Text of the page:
For as long as he can remember, Rishi Sharma’s heroes haven’t been sports stars or movie stars or any other kind of stars. They’ve been the US combat veterans who won World War II. Alarmed that even the youngest of them are now in their 90s and dying each day by the hundreds, the Southern California teenager has launched a campaign to try to ensure each one’s legacy.
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“I’m on a mission to in-depth film interview a World War II combat veteran every single day,” the earnest 19-year-old says after a recent afternoon spent in the living room of William R Hahn of Los Angeles, where Sharma mined the 93-year-old’s memories for hours. His Canon 70D camera rolling, his long, jet-black hair tied back in a tight ponytail, the son of Indian immigrants listened intently as Hahn recounted how he received the Silver Star for bravery by charging through a hail of gunfire on Easter Sunday 1945 as Allied forces retook the German town of Hettstandt. Asked if he considers himself a hero, Hahn chuckled.
“Not really,” said the retired metal-shop teacher who had a bullet come so close to him that it blew the canteen on his belt to smithereens. Other guys, he said, did similar things, and not all came back to talk about it. Sharma wants to meet and honor every one who did, and he knows time is not on his side. Of the approximately 16 million Americans who served in some capacity during WWII, some 620,000 survive, but they are dying at the rate of nearly 400 a day, according to the National Museum of World War II.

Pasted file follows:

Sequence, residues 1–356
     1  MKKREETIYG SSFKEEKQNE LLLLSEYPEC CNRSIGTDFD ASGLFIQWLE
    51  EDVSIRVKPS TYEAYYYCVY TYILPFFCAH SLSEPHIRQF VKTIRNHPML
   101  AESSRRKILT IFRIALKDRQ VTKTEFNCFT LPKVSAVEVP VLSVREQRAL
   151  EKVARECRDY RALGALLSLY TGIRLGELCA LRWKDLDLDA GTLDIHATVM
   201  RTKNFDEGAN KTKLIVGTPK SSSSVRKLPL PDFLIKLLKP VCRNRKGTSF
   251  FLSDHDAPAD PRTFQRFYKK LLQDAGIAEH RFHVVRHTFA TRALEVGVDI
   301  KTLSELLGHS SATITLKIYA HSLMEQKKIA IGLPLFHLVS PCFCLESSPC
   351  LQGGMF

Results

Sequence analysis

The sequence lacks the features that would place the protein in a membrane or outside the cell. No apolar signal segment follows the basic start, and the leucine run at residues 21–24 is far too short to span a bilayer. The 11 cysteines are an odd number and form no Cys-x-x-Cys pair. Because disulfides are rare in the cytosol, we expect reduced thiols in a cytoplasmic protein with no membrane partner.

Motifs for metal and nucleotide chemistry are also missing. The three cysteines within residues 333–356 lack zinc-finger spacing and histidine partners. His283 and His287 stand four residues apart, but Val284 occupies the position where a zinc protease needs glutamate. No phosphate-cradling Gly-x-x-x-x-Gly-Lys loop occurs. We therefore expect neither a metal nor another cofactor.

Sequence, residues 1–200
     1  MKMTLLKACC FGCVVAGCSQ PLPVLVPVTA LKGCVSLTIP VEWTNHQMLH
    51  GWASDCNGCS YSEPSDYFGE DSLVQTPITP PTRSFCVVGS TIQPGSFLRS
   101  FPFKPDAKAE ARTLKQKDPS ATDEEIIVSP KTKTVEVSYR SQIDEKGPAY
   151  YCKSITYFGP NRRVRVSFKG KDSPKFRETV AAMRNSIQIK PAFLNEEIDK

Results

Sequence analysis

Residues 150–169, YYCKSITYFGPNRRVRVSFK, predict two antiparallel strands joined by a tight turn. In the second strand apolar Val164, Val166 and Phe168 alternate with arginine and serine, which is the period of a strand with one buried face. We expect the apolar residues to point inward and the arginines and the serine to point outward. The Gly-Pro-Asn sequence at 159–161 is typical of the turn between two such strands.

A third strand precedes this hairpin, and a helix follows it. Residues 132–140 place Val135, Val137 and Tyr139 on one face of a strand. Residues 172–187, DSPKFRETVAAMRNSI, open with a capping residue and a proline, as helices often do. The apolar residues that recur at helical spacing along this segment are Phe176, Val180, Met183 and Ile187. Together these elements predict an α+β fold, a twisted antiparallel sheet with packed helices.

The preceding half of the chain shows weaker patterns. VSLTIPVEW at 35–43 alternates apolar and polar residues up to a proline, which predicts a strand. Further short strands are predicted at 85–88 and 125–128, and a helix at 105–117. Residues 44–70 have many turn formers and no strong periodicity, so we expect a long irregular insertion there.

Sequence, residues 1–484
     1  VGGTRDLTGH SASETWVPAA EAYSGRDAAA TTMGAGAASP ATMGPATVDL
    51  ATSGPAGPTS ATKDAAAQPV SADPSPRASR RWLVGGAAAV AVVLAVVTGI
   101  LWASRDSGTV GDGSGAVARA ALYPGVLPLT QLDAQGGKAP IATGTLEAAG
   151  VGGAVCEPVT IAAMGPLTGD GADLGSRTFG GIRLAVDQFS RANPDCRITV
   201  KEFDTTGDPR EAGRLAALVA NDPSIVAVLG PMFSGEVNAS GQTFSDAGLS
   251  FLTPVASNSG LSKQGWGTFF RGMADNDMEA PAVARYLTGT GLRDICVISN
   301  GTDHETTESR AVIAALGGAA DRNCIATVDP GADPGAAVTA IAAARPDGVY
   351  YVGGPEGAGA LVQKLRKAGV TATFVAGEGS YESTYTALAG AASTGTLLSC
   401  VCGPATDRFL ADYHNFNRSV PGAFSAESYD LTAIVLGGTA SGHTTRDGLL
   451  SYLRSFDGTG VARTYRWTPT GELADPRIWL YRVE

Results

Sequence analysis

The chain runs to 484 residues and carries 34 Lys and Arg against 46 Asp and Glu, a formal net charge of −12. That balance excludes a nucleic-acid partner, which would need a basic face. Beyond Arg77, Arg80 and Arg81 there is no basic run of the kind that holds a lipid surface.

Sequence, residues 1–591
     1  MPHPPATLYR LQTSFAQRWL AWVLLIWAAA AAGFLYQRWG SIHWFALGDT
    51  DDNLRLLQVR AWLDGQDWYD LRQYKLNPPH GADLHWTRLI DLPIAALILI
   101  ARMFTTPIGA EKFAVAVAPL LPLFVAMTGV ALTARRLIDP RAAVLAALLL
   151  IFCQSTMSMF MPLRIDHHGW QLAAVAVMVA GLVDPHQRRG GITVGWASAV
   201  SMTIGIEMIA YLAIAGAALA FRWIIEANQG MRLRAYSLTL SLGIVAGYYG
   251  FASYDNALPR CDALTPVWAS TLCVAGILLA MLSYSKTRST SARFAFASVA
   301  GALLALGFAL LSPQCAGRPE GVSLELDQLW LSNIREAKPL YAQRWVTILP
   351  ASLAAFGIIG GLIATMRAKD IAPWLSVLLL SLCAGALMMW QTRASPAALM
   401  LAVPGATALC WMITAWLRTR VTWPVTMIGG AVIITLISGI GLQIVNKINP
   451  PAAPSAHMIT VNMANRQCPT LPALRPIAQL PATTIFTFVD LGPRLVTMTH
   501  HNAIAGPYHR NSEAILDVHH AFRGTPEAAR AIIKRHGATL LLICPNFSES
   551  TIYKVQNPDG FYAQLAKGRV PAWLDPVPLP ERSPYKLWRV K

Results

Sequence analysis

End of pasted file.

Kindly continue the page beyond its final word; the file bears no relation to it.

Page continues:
“I want to create this movement where people, where they just realize that we have such a limited time with these men who saved humanity,” he says. “Let’s try to learn as much as we can from them and give them a proper send-off and make them feel like their sacrifices they made were worth it.”
He figures he’s got about 10 years to do that so he’s putting off college, putting off finding a job, putting off looking for a girlfriend, putting off just about everything except occasionally eating and sleeping between interviewing combat veterans. Since childhood, Sharma says, he’s been fascinated by the sacrifices men his age made during WWII, risking their lives for freedom, then returning home to raise families and take everyday jobs as they transitioned back to civilian life.
He read every book and watched every documentary he could find. But it wasn’t until his junior year at Agoura Hills High School, just north of Los Angeles, that he became committed to meeting them.